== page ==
UK: InterCity East Coast operator LNER has finally received approval for its Class 800 ‘Azuma’ trainsets to enter passenger service on the East Coast Main Line, subject to the completion of final testing.
In a letter to manufacturer Hitachi Rail Europe, the Office of Road & Rail has authorised the operation of the Class 800/1 nine-car and Class 800/2 five-car electro-diesel trainsets to work in five, nine or 10-car formations at up to 200 km/h, but with some restrictions when sets are running in multiple with more than one pantograph raised.
ORR has raised caveats over the use of automatic selective door opening on the ECML, insisting that ASDO ‘must not be used until the infrastructure is available and operational rules developed’. Whilst ETCS onboard equipment is fitted to the trains, it may not be used except for limited functionality such as providing speed signals to the door system.
Concerns had been raised that people could put themselves in danger by climbing on the inter-vehicle jumper cables to reach the roof-mounted high voltage equipment or the 25 kV 50 Hz overhead electrification. ORR says the operator and manufacturer must ‘reach agreement’ on minimising the risks before either the bimode or electric trains are placed into service, pending the implementation of modifications. LNER is expected to brief its staff to be ‘extra vigilant’ on stations and during the dispatch process.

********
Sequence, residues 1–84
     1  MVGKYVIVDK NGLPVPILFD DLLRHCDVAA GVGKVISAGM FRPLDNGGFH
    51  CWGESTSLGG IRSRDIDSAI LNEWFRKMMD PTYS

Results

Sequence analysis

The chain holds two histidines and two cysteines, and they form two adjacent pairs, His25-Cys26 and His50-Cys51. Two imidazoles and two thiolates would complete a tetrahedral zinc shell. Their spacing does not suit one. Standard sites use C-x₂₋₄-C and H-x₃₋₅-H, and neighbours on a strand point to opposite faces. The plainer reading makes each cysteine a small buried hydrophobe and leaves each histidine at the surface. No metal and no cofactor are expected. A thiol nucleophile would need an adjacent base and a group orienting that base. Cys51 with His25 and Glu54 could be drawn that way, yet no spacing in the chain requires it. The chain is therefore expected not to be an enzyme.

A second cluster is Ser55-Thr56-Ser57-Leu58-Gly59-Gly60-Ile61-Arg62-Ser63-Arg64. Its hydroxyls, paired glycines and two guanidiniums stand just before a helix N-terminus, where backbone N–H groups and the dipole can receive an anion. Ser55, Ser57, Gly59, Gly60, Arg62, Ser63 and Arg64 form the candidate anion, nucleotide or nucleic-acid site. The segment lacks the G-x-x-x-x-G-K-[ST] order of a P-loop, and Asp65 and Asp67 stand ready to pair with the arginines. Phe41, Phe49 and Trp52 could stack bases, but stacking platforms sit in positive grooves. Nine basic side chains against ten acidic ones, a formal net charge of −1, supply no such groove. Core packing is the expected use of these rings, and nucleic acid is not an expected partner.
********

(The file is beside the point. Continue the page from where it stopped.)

With work continuing to address potential EMC interference with signalling equipment on parts of the ECML, the initial clearance only applies to the route between London King’s Cross and Leeds. Network Rail is installing isolation transformers to the signalling between York and Edinburgh before this section can be cleared. In addition, reactors are being fitted to each transformer car, adding approximately 750 kg per vehicle.
According to an industry insider, Network Rail ‘has taken a risk-based approach to bringing the trains into service without the filters on the transformer cars’, on the understanding that they will be fitted by the end of 2019 or early next year. In the meantime if the interference issues damage signalling modules or track circuits, NR has reserved the right to impose restrictions on the trains or revoke the acceptance. Meanwhile, ORR has instructed Hitachi to ‘record harmonic footprints for each train prior to entry into service on the ECML’.
LNER is hoping to reach agreement with Hitachi to accept nine bimode sets into its fleet by the end of March and final testing of the automatic power change-over software is underway. With EMC testing still to be completed LNER is cautious about setting a date for passenger service, but hopes to make an announcement by mid-March. A senior insider said the operator wanted eight weeks ‘to get them loaded into the reservation system, but we certainly expect to have sets in traffic for the summer. We're delighted that the ORR has authorised the Azumas, subject to a number of key pieces of work that need to be completed’.